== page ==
Sometimes, I feel as though my life is like a beach ball. I’m walking along the beach, between the crashing waves and the rocks, carrying my beach ball. Most of the time, I hold on the beach ball because I’m afraid of loosing it in the water.
Every once in a while, though, I’ll toss up my beach ball. The reasons vary. Sometimes out of frustration, sometimes to see what happens, sometimes because I want to. Whatever the reason, I really think I need to let go of my beach ball more often and trust that God (the prevailing Wind) keeps it out of the water. For the times that I do trust God, I’m usually pleasantly surprised at the outcome.
And for the times I’m not, fail with grace.0
I’m posting this because I agree with them and because I want to remember them. I especially like number 6 (about failing), and it’s been part of my unofficial New Years Resolution to fail gracefully more. This is author Nassim Nicholas Taleb list of top life tips:
- Scepticism is effortful and costly. It is better to be sceptical about matters of large consequences, and be imperfect, foolish and human in the small and the aesthetic.
- Go to parties. You can’t even start to know what you may find on the envelope of serendipity. If you suffer from agoraphobia, send colleagues.
- It’s not a good idea to take a forecast from someone wearing a tie. If possible, tease people who take themselves and their knowledge too seriously.
- Wear your best for your execution and stand dignified. Your last recourse against randomness is how you act – if you can’t control outcomes, you can control the elegance of your behaviour. You will always have the last word.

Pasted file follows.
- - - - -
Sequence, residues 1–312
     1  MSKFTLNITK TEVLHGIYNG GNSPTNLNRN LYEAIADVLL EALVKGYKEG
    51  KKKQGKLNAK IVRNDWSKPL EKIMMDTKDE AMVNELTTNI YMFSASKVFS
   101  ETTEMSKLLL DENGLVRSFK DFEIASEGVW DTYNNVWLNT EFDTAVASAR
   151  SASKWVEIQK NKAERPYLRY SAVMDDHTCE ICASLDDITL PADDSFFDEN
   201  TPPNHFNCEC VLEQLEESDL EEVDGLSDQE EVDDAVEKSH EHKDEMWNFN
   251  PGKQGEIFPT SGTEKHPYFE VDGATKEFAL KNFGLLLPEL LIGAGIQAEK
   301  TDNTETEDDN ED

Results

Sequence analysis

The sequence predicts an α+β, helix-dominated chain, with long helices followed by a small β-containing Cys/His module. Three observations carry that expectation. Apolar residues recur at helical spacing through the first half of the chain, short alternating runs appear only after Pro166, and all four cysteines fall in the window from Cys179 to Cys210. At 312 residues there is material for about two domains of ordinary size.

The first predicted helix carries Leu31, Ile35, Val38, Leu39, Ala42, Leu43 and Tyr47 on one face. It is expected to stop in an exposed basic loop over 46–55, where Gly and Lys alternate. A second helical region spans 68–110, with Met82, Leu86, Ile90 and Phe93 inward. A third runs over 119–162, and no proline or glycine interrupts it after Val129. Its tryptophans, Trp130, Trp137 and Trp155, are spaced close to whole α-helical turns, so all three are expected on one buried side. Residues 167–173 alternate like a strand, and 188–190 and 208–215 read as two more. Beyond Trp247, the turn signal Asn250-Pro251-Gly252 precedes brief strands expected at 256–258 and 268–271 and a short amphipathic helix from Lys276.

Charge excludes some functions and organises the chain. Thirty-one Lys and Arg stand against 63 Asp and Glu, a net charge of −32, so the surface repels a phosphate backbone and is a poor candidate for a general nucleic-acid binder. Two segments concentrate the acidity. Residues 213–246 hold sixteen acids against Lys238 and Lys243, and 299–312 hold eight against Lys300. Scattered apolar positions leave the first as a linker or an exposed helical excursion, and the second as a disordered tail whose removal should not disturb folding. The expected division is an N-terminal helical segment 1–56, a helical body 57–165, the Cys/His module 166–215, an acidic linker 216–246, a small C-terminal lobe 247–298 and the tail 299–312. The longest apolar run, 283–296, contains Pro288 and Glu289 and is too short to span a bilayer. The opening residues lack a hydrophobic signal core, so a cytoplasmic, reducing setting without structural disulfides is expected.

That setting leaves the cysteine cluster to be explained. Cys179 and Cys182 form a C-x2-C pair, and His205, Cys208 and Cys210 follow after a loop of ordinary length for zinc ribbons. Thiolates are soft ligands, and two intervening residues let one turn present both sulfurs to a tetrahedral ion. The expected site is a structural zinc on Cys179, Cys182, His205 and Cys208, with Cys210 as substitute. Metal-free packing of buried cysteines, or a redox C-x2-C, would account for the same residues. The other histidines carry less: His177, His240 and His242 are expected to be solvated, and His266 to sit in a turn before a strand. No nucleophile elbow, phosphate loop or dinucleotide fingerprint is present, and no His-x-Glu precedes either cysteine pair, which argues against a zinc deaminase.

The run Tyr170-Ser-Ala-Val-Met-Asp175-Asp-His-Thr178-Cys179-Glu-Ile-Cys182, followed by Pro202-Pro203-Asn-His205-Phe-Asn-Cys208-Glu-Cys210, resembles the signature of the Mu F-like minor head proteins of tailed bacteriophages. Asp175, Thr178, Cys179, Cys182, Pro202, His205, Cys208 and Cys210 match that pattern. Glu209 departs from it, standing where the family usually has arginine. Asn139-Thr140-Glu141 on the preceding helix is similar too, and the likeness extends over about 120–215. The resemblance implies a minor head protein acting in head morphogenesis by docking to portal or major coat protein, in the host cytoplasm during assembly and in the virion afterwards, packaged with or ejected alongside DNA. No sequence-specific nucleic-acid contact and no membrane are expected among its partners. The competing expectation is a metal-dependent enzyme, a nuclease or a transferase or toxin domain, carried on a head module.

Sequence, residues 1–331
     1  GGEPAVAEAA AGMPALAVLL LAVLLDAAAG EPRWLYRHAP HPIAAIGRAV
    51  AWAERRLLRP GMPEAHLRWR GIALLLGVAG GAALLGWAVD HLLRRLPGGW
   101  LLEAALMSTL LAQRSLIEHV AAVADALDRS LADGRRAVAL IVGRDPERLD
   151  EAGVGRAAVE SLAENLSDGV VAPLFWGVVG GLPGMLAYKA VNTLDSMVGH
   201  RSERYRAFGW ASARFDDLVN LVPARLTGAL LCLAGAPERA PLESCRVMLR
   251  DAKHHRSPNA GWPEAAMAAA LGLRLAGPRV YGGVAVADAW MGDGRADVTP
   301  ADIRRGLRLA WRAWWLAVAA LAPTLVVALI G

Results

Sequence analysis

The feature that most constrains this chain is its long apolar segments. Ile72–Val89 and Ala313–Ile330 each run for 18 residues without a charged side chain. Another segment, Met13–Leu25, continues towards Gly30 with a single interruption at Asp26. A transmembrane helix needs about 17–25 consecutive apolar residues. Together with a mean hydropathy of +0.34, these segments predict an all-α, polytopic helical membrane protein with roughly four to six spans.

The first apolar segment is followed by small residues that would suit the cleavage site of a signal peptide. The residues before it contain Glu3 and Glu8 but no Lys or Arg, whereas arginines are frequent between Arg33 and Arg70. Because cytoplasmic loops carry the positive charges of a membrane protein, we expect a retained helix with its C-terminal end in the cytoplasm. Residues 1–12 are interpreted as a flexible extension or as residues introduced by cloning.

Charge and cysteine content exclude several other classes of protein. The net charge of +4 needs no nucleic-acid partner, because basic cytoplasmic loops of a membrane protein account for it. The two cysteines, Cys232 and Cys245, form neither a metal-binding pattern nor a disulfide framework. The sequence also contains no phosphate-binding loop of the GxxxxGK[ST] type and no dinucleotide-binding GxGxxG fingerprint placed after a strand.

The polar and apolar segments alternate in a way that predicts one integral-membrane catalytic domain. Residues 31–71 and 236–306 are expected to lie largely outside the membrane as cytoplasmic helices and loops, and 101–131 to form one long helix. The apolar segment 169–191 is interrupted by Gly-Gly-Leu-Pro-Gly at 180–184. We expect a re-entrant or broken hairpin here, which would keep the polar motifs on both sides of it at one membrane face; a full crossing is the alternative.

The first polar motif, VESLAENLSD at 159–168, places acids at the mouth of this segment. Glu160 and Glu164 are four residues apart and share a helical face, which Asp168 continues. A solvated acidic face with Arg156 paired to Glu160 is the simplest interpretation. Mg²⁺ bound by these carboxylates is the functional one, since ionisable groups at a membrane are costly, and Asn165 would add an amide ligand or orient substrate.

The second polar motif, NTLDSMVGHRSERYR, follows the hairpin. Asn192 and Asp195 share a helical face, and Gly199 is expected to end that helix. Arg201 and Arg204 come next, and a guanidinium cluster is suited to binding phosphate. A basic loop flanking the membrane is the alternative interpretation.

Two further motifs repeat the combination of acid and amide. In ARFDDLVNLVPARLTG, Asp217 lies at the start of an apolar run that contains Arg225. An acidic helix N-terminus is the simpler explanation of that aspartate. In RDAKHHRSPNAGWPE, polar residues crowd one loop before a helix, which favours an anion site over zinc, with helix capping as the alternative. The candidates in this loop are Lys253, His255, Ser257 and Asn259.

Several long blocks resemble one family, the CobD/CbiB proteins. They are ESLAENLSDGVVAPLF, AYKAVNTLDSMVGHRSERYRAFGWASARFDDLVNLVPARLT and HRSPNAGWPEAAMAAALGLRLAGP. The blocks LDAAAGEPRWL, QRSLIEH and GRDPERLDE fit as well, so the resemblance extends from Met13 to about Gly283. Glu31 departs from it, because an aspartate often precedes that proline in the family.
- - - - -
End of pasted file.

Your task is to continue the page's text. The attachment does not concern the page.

- Don’t disturb complicated systems that have been around for a very long time. We don’t understand their logic. Don’t pollute the planet. Leave it the way we found it, regardless of scientific ‘evidence’.
- Learn to fail with pride – and do so fast and cleanly. Maximise trial and error – by mastering the error part.
- Avoid losers. If you hear someone use the words ‘impossible’, ‘never’, ‘too difficult’ too often, drop him or her from your social network. Never take ‘no’ for an answer (conversely, take most ‘yeses’ as ‘most probably’).
- Don’t read newspapers for the news (just for the gossip and, of course, profiles of authors). The best filter to know if the news matters is if you hear it in cafes, restaurants… or (again) parties.
- Hard work will get you a professorship or a BMW. You need both work and luck for a Booker, a Nobel or a private jet.
- Answer e-mails from junior people before more senior ones. Junior people have further to go and tend to remember who slighted them.
The TimeOnline also did a great article that’s worth a read: Nassim Nicholas Taleb: the prophet of boom and doom.